How does one view Seththumaan? As a simple tale of a grandfather and orphaned grandson living life or as a nuanced take on caste and class differences, and the disdain for food choices and the resultant shaming? Actually, both. That is what makes director Tamizh’s debut film, produced by Pa Ranjith, which has done the festival circuit before being streamed on SonyLIV, very special.
There’s a lovely kernel of a story that can be enough to charm the casual viewer, but for the more involved one, Tamizh populates his film with enough to deserve a re-watch and then some more. There are so many people to focus on — the grandchild, the landlord, his wife, the grandfather, Ranga, the angry rearer of pigs — and each of them gets an arc.
Tamizh’s writing comes from a place of deep understanding of prevailing caste and class hierarchies. And so, while outwardly, Vellaiyan (Prasanna) seems to be a man with heart and one who cares for Poochiappa, also known as Poochi (Manickam), ensuring he gets the first portion of the meat and telling him he will employ him in a possible new land he’s slated to buy, so that his grandchild can be educated, you know that this is more a relationship of an occasionally magnanimous owner and subservient slave than equals.
Poochi is beholden to Vellaiyan and so, even though he likes to stay away from violence, having seen firsthand his outspoken son get killed and pregnant daughter-in-law get fatally attacked fatally, he gets drawn into Vellaiyan’s fights with his relatives.
The film, adapted from writer Perumal Murugan’s Varugari, is set in Western Tamil Nadu or the Kongu region, and the Tamil in the film is rich in the dialect. The dialogues feature wordplay typical to the region, the sing-song delivery and the nakkal (sarcasm) it is known for. Little wonder, the dialogue writer is also Perumal Murugan.
Seththumaan is just short of the two-hour mark and it is to director Tamizh and editor CS Prem Kumar’s credit that you don’t really focus on anything other than what’s on screen. While he cuts to show us the big picture, the camera (Pradeep Kaliraja) also focusses on the little things that make life liveable. Look out for the scene where a relative offers to raise Kumaresan, closer to a better school. The grandson, played by Master Ashwin, who is so full of life and very content being by himself, hugs his grandfather tight without a word. At night, he holds his grandfather like he’s all he’s got. Suddenly, a ball of sadness shoots up your throat and chokes you. What will become of this child, who is the class topper and for whom his grandfather has such high hopes?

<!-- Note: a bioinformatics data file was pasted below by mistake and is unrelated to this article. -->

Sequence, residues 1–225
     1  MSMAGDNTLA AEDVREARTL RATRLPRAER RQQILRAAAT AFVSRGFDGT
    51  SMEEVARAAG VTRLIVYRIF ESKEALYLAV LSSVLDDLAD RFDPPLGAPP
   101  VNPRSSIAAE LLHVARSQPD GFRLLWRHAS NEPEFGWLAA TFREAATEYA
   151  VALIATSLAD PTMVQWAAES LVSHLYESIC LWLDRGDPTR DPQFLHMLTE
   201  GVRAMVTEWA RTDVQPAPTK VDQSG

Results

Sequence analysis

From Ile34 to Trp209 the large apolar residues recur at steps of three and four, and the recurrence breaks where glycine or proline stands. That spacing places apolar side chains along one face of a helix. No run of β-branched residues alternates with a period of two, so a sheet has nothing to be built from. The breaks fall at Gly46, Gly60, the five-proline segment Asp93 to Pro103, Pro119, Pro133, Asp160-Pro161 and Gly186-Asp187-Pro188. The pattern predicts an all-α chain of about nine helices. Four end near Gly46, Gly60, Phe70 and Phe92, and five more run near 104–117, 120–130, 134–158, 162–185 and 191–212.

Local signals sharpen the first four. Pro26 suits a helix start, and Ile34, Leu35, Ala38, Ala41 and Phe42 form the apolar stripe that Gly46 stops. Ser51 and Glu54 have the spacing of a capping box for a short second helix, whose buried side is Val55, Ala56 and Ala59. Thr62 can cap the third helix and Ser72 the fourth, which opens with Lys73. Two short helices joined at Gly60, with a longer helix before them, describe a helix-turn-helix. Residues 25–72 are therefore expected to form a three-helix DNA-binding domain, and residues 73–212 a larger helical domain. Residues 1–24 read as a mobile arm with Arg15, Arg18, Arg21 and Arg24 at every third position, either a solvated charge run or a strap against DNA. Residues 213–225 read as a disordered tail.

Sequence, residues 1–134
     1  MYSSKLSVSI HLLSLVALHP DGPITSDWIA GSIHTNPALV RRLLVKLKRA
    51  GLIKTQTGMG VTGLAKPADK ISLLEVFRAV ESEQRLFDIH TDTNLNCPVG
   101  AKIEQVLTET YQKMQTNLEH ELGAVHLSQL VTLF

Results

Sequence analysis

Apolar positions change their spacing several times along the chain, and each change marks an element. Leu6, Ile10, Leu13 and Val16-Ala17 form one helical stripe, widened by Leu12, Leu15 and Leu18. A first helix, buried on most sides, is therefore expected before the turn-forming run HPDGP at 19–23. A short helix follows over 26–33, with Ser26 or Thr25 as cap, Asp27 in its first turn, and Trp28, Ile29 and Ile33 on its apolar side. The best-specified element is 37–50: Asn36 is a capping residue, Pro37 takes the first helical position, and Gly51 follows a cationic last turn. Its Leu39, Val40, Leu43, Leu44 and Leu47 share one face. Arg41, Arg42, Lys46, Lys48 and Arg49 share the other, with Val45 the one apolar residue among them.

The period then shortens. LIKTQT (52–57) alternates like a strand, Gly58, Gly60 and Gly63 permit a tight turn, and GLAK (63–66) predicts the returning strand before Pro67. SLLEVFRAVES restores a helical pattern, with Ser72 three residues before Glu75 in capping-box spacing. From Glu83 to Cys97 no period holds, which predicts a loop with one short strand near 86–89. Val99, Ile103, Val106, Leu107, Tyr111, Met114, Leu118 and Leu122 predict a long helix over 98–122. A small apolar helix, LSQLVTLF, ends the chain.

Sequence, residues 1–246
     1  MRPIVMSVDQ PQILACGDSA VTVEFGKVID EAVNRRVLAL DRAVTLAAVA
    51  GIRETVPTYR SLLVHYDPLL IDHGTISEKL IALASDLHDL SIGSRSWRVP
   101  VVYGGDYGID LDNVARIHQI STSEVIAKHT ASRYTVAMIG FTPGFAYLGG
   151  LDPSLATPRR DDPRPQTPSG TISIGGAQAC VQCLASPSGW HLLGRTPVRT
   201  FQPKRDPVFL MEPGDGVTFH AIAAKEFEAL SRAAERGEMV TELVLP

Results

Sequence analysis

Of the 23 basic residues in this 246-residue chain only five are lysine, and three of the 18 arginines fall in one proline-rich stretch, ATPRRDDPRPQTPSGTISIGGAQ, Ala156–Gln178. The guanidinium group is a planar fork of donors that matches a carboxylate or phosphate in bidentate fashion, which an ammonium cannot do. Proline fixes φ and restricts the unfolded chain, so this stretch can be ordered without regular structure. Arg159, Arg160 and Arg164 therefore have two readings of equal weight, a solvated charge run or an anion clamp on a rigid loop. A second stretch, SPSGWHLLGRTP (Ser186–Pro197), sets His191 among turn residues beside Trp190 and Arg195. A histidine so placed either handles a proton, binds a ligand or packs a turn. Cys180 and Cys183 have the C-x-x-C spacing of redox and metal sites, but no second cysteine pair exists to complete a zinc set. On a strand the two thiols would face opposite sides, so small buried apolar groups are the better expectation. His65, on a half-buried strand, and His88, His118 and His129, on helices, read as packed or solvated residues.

Poochi’s grandson, whom he affectionately calls Ponnukutty (little gold), is very fond of studying; you can see him reading under the streetlamp. He has also adopted new-age ways, when he casual says ‘bye’ to his akka but he’s also charmed by what his grandfather does. He sits on his haunches and watches with curiosity as a pig takes its last few breaths, wants to chip in when Ranga and Poochi scald its hide and deskin it. This is something Poochi tries hard to keep him away from — he wants him to become a big officer and move away from the life they currently lead. This is one thing that keeps plaguing you, long after the end credits. Will the child overcome his circumstances or will he succumb to them? Especially because his school in the village is to shut down as the numbers in students are dwindling. Will Kumaresan be able to pursue his studies? All this plays out, even as news of Ramnath Kovind being elected President comes in, and continues until he takes the oath of office. Some people might be able to overcome their lot, but can all?